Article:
“Tshabangu, a self-appointed secretary general of the CCC wrote a letter to the Speaker of Parliament, President of Senate and Minister of Local Government recalling 14 CCC members of the National Assembly (9 directly constituency MPs 5 women’s quota MPs and 1 youth quota MP), nine senators and 17 councillors from their positions arguing that they had ceased to be members of the CCC on October 3, 2023.

“As a result of Section 129 (1) (k) of the Constitution that bestows power on political parties, the seats were declared vacant and Mnangagwa proclaimed December 9, 2023, as the day for by-elections.

“The CCC then led by Chamisa challenged the recalls in court and lost. The CCC argued that Tshabangu was not a member of their political party but rather an impostor with no right or authority to recall anyone hence the recalls were illegal, null and void and of no force and effect.

“However, the court effectively accepted the recall letter despite the improbability that party members who had been elected on a party ticket just two months previously, some of whom had only just been sworn in, would have ceased to belong to the party,” further reads the position paper.

Further to this, on December 7, 2023, the High Court in Harare, granted  Tshabangu an order to expunge the names of recalled MPs from the ballot paper for the by-elections. Zimbabwe was left with a ‘choice-less election’ without the participation of the main opposition party led by Chamisa.

On December 9, 2023, ZANU PF won seven out of the nine parliamentary by-elections. The ruling party now had 184 seats (144 directly elected through first past the post 33 proportional representation for women and seven youth quota) out of 280 seats in the National Assembly. Zanu PF was now three seats away from having a two thirds majority in the National Assembly.

Consequently, six more constituency by-elections were held on February 3, 2024, following the recall of six more opposition MPs by Tshabangu.

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ZESN recommends that Zimbabwe take a more people-centred stance on recalls which allows more participation of the electorate, and not the party alone.

“Fundamental to the way forward is placing the citizens at the centre of representative democracy. The international versions of recall are informed by a citizens-centred rather than a party-centric process. All they differ in is the degree of cumbersome.

“Considering this risk, recall procedures should not be too easy to implement. The recall must be designed in such a way that it becomes a last resort option rather than the norm…A high threshold citizen-led recall process is more ideal for Zimbabwe.”

ZESN opined that this enables citizens to maintain the right of recall as a tool of direct democracy and a reinforcement of representative democracy in a context where politicians largely lack accountability and programmatic delivery.

However, the recall has to be regulated to avoid political manipulations consistent with semi-democratic States.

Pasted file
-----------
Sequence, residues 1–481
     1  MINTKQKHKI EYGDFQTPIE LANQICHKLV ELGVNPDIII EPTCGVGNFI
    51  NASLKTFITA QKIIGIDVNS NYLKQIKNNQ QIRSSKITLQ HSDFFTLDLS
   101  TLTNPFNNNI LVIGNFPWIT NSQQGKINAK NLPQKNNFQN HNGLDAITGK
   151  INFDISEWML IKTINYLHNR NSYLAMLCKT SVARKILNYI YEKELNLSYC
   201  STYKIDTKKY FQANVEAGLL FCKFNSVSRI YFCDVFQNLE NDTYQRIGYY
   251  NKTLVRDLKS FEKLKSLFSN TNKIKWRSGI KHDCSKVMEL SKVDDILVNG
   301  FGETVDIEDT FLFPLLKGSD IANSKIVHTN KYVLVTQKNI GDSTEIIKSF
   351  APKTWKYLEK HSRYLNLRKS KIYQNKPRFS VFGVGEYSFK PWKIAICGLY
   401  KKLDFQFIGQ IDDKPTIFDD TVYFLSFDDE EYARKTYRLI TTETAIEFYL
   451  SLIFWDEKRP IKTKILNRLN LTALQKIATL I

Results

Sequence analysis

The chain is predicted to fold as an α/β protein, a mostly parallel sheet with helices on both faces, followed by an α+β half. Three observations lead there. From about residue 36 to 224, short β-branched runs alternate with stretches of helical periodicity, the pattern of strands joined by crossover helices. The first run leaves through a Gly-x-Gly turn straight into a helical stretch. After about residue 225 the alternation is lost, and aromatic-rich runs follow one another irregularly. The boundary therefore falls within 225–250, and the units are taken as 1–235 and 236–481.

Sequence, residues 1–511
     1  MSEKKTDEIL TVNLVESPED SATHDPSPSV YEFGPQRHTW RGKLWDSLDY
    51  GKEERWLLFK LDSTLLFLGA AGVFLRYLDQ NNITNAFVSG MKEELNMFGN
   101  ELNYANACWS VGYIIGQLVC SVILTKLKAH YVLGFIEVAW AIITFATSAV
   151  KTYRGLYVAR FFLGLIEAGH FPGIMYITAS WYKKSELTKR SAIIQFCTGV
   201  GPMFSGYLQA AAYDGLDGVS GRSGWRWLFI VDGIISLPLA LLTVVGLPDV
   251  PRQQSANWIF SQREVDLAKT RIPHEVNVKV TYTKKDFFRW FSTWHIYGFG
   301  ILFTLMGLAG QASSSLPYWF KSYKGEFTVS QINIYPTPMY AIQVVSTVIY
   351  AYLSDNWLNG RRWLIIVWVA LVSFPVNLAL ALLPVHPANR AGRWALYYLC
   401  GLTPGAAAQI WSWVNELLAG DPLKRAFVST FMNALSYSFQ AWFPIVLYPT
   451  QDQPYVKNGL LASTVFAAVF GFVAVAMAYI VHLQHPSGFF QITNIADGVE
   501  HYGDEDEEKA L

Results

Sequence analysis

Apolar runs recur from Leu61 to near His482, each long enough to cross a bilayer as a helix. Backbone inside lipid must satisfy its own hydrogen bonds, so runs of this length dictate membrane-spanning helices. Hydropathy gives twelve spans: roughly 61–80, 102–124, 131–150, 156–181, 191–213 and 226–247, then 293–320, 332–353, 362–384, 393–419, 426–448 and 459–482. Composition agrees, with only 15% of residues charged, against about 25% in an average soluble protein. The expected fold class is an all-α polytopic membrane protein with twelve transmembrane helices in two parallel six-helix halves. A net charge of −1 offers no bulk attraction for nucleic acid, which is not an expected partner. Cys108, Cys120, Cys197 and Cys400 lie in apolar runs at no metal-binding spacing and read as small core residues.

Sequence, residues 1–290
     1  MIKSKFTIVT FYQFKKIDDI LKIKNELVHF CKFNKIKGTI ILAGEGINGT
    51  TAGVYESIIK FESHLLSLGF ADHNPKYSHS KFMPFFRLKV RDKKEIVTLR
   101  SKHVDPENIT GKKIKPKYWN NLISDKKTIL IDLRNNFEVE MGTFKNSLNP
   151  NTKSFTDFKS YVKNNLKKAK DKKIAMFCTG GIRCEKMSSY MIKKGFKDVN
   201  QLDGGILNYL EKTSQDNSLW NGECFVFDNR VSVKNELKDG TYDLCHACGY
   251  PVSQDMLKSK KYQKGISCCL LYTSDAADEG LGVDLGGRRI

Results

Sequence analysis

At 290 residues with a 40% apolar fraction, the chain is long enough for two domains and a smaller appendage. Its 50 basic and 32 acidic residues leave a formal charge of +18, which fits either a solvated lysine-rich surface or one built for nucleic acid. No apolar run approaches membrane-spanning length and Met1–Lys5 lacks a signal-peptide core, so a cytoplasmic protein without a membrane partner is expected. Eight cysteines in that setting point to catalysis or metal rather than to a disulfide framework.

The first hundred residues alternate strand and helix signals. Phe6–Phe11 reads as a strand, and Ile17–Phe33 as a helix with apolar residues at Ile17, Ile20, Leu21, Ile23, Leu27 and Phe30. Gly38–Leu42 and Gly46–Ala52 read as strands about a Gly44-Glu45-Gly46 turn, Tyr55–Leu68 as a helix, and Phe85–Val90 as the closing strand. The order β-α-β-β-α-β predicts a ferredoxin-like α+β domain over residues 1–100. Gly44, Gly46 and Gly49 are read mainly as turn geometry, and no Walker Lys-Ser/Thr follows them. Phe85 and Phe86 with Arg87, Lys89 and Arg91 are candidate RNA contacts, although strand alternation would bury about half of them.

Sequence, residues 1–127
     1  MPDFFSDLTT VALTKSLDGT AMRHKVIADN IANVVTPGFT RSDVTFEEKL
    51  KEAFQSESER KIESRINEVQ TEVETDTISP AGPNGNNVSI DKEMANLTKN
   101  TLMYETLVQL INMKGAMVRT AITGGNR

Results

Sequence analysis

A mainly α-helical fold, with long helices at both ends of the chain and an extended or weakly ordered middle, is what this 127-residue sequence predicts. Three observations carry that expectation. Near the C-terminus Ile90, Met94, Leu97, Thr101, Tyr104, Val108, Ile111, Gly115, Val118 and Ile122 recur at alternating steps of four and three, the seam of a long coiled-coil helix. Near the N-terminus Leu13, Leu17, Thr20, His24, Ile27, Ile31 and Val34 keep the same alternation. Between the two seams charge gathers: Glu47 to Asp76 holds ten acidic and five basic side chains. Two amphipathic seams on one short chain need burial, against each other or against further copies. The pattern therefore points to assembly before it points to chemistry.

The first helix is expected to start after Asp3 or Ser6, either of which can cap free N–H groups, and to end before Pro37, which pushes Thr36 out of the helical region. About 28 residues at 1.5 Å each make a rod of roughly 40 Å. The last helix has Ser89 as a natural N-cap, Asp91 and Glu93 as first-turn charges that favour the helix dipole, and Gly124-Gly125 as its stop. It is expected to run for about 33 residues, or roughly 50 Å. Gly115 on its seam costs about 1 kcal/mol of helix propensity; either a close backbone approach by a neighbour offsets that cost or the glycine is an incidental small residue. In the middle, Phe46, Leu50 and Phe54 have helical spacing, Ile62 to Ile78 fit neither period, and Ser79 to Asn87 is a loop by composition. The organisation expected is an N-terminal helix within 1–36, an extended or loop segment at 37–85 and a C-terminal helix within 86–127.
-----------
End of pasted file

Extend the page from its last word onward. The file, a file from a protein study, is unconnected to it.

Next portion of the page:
“Zimbabwe therefore needs to urgently consider a constitutional amendment that would give citizens and not political parties the power to recall failing politicians in a representative democracy without having to wait for five years.

“All elected representatives can face the prospect of recall including local authorities, MPs and the President. In States where power is centralised it is usually at the top level of representation that the citizens’ political frustration is highest given the lack of accountability and delivery. However, because of the authoritarian nature of the politics, political opponents would always be tempted to invoke the provisions of a recall,” said ZESN.

Consequently, a recall needs to be both difficult to exercise and to be a clear expression of the people.

However, the country must avoid blanket recall laws which will cause capture by Zanu PF as a dominant party state.

Hence practically given that Zimbabwe is still a semi-democratic State state and not a mature democracy high threshold conditions will be necessary.

It is, therefore, argued that Zimbabwe’s laws need to be reviewed to entitle the elected representatives to be led by the Constitution itself and citizens will not necessarily by their party position as is common in most mature democracies, ZESN submitted.

The electorate must remain drivers of the recall process.

“In the case of exceptional circumstances, it should only be the people of a concerned constituency that can recall an elected representative through a democratic, participatory and transparent high threshold citizen-initiated process, not the political party let alone dominant groups within a party that nominated this other candidate.

“Regulations should provide for recall origins; reasonable timelines or a regulated period for recalls; substantive grounds for recalls; petition thresholds; petition verification; a recall referendum; judicial review; the by-election and curbing repeated calls,” ZESN said.